Portable baking

The --fileurls option to chef bake used to bake a website with absolute local paths for all links created with the pcurl family of template functions. This made it easy to just bake a site and double-click on the main page to preview it locally without any web server.

It was also flawed, because it meant the site could only be previewed in that exact place on the file-system – you couldn’t give it to a colleague or client to review.

A new option, --portable, effectively replaces the --fileurls option (which is now deprecated). It will create relative links (with lots of ../ in them) so that you can move the baked static files around and still have them previewable locally in a browser.

Debug info in CMS mode

For people running PieCrust in dynamic CMS mode, you can set site/enable_debug_info to false in the site configuration to disable the ?!debug feature, which could potentially expose private information to visitors.

Why PieCrust?

Recently I realized I’ve been working on, and talking about, PieCrust for quite a while, but I have never given any reason as to why on Earth I have written my own CMS and static site generator when there are so many already out there.

Like many open-source projects, PieCrust was born out of 2 very self-centered stimuli.

One: it’s fun to write new stuff!

And by “new”, here, I’m of course talking about things that were new to me at the time. Writing PieCrust, I learned a lot about web technologies, from HTTP servers to caching and proxies and whatnot.

With my next projects, I’ll learn a lot more – I’m looking at databases and scalability and security and other bigger, more complex things – but it was good to start with something simple and basic.

Two: everything else sucks!

Well, that’s not true, but you know what I mean. The average developer (and that includes me) is usually never happy with what’s available out there.

Most other static site generators are completely OK – they work well for the most part – but they have 2 flaws: they’re simplistic, and they’re doing it wrong.


Most other engines are too simplistic. They confuse simplicity with a lack of features. I believe you can have a fairly fully fledged static site generator without sacrificing how simple it is to use and work with.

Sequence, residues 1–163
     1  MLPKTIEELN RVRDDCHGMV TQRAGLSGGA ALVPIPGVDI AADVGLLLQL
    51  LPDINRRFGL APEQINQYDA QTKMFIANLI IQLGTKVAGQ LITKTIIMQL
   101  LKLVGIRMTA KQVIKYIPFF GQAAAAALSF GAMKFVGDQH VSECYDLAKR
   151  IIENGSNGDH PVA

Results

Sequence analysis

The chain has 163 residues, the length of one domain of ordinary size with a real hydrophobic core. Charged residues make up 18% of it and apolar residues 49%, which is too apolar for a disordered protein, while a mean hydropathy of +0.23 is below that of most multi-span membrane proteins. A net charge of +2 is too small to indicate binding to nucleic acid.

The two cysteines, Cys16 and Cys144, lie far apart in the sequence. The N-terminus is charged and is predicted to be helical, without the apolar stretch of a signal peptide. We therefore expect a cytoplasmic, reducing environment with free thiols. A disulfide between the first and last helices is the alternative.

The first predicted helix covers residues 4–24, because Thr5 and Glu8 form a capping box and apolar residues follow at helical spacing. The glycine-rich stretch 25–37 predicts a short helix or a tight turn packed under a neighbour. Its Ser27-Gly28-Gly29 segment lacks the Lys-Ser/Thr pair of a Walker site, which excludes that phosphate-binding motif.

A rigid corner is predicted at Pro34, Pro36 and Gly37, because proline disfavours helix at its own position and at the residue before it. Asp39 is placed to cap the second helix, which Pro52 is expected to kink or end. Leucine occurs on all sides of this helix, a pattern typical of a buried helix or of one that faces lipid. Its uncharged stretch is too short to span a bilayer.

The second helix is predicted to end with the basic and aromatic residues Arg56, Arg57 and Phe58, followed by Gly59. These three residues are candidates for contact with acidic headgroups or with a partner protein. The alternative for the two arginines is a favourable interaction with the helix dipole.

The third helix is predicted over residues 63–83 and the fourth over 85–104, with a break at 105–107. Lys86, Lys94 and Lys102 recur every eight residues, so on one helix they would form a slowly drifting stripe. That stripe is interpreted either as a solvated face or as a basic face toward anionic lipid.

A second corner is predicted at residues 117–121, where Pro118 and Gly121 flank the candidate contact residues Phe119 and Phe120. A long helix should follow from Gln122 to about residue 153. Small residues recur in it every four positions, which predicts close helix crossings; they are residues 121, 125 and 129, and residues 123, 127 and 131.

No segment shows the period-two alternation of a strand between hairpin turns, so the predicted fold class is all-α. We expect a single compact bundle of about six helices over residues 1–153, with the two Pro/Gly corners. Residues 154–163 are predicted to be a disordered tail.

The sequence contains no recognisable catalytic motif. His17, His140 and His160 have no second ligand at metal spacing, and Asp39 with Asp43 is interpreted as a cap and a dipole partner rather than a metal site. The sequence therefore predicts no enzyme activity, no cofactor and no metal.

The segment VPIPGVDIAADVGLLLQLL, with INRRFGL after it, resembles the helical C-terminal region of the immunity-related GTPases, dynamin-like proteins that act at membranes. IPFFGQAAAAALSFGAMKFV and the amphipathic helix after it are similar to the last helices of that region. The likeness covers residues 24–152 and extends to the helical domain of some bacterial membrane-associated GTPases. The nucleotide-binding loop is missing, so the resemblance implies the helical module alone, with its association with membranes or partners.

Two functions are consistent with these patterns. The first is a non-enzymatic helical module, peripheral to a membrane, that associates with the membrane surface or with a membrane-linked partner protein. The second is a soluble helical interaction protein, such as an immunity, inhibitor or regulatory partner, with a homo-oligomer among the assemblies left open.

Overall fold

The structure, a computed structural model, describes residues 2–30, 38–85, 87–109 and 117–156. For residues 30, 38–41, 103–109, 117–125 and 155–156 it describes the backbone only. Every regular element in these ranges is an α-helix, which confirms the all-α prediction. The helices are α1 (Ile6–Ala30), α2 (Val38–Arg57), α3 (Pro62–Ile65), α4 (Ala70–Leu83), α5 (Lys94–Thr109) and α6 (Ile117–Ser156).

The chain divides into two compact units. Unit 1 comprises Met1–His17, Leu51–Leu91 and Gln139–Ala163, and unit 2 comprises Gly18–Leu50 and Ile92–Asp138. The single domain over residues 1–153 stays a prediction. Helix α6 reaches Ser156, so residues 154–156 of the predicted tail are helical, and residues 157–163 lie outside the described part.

Hopefully I succeeded with PieCrust. You tell me.

What the user does

Most other engines are built from the ground up to be static site generators. This means that when it’s time to preview your work in a browser, what they do is just re-generate the whole site and show the resulting HTML file matching the request. Thankfully, they do it incrementally, like a compiler, which means they only generate what was changed, but it’s not ideal unless you’re just looking at simple pages.

If you’re modifying a page with a lot of dependencies, that re-generation can take several seconds, which means you have to wait until you see your updated work. This happens, for example, when you’re working on a blog post that has various tags and categories: updating it means not only re-generating that post’s page, but also the home and/or archive page on which it appears, and all the relevant tag/category listing pages. Some static site generators take a few shortcuts here by not re-generating the whole site in that case, resulting in glitches in the preview.

This “compiler-like” approach works well when you always want the full result of the generation, but in the case of a user working on some content for his website, he only wants to see one page. You can only press F5 on one window at a time. So whatever dependencies a piece of content has, the engine should be able to just generate what the user wants to see. And this is what CMSes have been doing for a long time.

That’s why PieCrust is built from the ground up as a database-less CMS. Sure, it can generate a static site, but that’s just a side-feature. The focus is on what the user does the most (iterating between writing and previewing), and not what the user wants (a static website). What he wants happens later, once he’s done working.

The nice thing is that PieCrust ended up being both a good CMS (especially if you use it with a reverse proxy) and good static site generator (I’ll post some comparative benchmarks someday).